I can certainly respect those (even in my own immediate family!) who oppose Prop 8 or Amendment 2 on those grounds. However, this is not a matter of violating the constitution, this is a matter of changing it, and the government has the right to place reasonable restrictions on whom one may marry. For example, what sane person would advocate repeal of laws prohibiting marriage to underage people? I’m sure that pedophiles would appreciate not being charged with statutory rape. I am also sure that the state has a valid interest in banning incest. Who wants to saddle taxpayers with DNA-based maladies that come with that practice?

While reasonable people may differ on what is an acceptable boundary on minimum age or close family relations in marriage, the principle, I think, stands. That line may be fuzzy, but it exists, and some reasonable line must be drawn.

More clear, I believe, is the line marking restrictions against same-sex marriage (though I admit that the line fuzzes when dealing with hermaphrodites and transsexuals). The corellation between homosexual acts and sexually transmitted diseases like AIDS is perhaps as significant as the corellation between incest and mental and physical defects. To say that the state has the right to ban transfats to promote public health, but not certain sexual activities seems like a disconnect.

Nor is this a matter of denying equal rights, in my view. Laws banning sex with near-relations, underage children, and, those of the same gender are applied equally against everyone. Now, if there was a law banning homosexuals from owning property or inheritance rights, then I would object. I have a homosexual near-relation, and to assert that, say, President Thomas Monson can will his property to his beloved wife, but my near-relative cannot will his property to his beloved companion is to say that President Monson has a right that is denied to others. THAT would be a denial of equal rights, and I suspect that even all of the Brethren would object–loudly.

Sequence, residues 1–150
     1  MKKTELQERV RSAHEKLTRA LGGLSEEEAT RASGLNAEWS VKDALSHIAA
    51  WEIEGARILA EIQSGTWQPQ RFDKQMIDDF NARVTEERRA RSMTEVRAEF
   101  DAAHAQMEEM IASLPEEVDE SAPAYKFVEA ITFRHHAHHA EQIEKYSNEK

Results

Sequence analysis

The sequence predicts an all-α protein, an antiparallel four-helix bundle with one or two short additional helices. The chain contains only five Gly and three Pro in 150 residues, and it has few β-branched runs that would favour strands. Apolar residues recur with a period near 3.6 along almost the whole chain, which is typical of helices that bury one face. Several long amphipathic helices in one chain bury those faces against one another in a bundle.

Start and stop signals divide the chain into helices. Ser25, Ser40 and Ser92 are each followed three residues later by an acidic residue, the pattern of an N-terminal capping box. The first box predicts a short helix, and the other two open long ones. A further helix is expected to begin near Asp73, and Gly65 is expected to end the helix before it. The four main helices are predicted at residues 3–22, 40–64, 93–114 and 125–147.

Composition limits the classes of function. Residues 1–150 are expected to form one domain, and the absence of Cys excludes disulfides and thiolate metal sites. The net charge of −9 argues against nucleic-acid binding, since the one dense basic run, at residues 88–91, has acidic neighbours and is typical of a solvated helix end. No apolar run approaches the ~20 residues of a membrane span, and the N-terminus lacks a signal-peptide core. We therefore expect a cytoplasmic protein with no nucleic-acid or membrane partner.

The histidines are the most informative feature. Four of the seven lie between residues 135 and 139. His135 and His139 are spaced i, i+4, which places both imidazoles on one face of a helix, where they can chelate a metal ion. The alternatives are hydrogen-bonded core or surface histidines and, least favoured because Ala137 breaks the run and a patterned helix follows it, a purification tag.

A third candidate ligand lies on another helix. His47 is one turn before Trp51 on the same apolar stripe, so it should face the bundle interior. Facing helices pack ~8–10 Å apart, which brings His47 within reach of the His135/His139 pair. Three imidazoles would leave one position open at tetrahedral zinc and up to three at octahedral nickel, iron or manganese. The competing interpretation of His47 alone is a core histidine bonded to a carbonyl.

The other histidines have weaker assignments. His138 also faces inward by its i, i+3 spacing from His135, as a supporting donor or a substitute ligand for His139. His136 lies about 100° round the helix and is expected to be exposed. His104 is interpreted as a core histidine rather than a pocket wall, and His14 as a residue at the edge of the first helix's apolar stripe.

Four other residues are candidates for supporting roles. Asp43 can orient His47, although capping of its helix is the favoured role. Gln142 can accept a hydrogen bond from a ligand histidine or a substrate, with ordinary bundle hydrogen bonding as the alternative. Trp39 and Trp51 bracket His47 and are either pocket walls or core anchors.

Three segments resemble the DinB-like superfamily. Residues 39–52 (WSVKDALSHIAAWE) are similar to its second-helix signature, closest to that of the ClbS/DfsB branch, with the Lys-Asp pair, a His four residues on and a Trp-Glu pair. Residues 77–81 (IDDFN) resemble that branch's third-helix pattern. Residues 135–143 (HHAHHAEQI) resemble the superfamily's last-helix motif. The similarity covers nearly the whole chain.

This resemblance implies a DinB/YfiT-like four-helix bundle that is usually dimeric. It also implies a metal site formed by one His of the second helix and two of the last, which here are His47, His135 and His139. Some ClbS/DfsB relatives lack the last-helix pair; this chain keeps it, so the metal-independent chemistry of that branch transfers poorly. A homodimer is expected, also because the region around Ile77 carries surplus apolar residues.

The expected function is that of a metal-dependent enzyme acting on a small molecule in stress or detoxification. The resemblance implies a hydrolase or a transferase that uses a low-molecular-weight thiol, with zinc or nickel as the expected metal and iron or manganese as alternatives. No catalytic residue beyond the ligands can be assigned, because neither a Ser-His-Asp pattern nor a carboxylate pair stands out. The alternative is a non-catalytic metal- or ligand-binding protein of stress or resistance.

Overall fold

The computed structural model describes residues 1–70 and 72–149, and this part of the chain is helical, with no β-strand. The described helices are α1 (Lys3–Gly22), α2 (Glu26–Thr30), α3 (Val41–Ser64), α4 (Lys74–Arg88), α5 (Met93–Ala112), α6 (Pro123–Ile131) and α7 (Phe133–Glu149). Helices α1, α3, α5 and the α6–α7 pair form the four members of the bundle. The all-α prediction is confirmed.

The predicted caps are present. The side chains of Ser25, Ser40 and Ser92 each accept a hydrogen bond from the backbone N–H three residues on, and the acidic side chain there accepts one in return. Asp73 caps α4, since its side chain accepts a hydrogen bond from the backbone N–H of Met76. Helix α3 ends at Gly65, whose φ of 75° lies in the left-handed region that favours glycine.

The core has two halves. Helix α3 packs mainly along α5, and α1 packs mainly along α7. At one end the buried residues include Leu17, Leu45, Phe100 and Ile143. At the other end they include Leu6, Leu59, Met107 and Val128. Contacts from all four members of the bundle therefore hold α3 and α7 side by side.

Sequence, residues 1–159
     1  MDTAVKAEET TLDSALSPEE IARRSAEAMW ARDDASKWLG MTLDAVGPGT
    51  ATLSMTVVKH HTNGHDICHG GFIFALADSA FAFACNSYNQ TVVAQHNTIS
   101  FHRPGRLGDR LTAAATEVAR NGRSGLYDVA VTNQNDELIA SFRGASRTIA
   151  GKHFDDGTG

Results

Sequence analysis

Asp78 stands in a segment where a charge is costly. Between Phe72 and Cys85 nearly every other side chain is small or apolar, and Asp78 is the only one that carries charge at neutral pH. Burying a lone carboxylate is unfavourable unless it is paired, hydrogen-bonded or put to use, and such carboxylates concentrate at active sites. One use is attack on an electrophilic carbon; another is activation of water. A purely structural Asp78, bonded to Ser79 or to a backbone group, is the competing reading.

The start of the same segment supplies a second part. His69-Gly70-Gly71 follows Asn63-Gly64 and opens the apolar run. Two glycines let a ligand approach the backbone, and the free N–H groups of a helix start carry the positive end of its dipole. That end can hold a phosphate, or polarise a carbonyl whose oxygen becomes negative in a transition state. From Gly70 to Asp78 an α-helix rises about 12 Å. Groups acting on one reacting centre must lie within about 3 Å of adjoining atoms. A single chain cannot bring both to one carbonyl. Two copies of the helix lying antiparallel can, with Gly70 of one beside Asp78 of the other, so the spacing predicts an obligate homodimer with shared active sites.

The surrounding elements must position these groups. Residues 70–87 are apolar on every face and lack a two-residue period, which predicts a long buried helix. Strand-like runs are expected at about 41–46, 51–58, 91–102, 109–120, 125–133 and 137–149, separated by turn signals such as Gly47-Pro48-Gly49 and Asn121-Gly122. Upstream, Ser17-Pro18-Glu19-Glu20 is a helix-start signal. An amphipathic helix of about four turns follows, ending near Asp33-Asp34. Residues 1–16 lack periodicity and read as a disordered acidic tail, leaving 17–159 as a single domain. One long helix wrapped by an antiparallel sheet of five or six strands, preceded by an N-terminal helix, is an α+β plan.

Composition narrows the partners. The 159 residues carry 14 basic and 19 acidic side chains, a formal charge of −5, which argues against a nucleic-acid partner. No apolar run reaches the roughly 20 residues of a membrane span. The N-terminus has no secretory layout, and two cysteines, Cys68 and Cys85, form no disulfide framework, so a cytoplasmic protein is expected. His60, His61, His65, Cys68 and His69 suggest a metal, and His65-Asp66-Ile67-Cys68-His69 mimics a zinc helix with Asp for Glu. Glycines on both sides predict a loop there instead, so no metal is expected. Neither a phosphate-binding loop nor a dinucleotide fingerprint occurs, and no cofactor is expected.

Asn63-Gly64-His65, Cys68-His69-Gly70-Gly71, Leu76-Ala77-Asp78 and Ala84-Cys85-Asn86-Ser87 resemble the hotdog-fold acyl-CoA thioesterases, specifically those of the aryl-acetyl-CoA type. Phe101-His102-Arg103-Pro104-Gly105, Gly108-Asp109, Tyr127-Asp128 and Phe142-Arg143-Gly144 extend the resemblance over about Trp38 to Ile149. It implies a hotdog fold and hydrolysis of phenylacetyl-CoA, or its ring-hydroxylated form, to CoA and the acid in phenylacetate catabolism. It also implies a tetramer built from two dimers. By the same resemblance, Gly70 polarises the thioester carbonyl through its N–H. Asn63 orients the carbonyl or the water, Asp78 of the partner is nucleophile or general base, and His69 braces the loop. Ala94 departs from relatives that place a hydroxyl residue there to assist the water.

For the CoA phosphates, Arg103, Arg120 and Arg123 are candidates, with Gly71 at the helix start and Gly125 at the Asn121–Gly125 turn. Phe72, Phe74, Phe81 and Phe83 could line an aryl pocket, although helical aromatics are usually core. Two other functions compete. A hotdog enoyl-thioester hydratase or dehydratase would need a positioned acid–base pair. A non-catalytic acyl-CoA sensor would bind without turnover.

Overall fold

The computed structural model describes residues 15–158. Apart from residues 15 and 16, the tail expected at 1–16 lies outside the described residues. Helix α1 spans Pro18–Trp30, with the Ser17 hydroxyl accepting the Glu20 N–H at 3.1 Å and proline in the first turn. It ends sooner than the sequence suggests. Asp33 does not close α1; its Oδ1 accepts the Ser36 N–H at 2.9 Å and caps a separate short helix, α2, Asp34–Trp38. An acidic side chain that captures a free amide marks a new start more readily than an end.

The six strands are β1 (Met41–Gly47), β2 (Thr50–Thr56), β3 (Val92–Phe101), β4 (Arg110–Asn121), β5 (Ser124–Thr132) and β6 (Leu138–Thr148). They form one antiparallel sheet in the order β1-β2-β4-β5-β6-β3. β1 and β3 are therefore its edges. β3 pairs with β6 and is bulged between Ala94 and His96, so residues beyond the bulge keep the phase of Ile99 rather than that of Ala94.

kerryg profile image

kerryg 8 years ago from USA Author

Onusonus, your arguments are complete straw men. NOBODY, that I am aware of, connected to the gay marriage movement is arguing that the right of marriage be extended (or returned, in the case of California) to anyone but two consenting adults.

As for the issue of AIDS and other sexually transmitted diseases, don't you think if the government wants to discourage the spread of STDs, it should be PROMOTING gay marriage? Marriage does, after all, legally bind you in a monogamous relationship. Of course, heterosexual couples cheat and it's safe to assume that gays would too, but it's also safe to assume that allowing gay marriage would discourage, not encourage promiscuity and transmission of STDS among homosexuals just as it does among the straight community.

Finally, although gays have the right to will their property to their beloved partner, in many cases it remains difficult for them to get joint insurance coverage, to guarantee visitation rights in hospitals should one partner become ill, and to acquire joint rights of a parent over a child, should they have a child together through a surrogate or artificial insemenation. These are basic rights that are being denied to many members of the gay community because of their inability to gain the legal protection of marriage, and this is one of the primary reasons that I, as a straight married woman with a homosexual "near-relation" and many friends, strongly support the right of gays and lesbians to marry. It really IS an equal rights issue.

AngloSaxon profile image

AngloSaxon 8 years ago from England

There is a multimedia site at which has some videos of members of The Church of Jesus Christ of Latter-day Saints speaking about Proposition 8. If you scroll down you'll see a section with some comments by leaders of the Church. It's just two videos and both are quite short.

I think, among other things, they explain well the consequences of marriage being redefined and why my previous comments stand.

kerryg profile image

kerryg 8 years ago from USA Author

I watched the Bednar one and would like to point out that I already answered his points about school curricula and freedom of religion in my original answer to your comment: "By California law, you have the right to recuse your child from any school lessons about health or family matters that you disagree with on moral or religious grounds. By United States law, your church cannot be forced to perform marriages for people it doesn't want to marry, nor can it be denied funding or tax-exempt status for doing so."

I also linked an article in the hub in which a Mormon scholar admits that the advertising claims that the measure would affect teaching or schools are "untrue" and "misleading," and that nothing in Prop. 8 would affect California schools:{7EBD7D67-2DD6-4C94-A022-A35839FA36AA}&dist=hppr

I also responded to his "slippery slope" argument and "it doesn't change their rights" arguments in my response to onusonus. As well, again, as my original answer to you. Gays had the right to marry the people they love. Now they don't. That means they have fewer rights than before, there is no getting around it.

As for his point about freedom of speech, nothing in the Constitution guarantees freedom from dissent. If gay marriage becomes legal, it will not remove his ability to say that he believes marriage should be exclusively the right of one man and one woman, just as the fact that it hasn't does not remove my right to say his views are hateful and bigoted.

osirisadvocate 8 years ago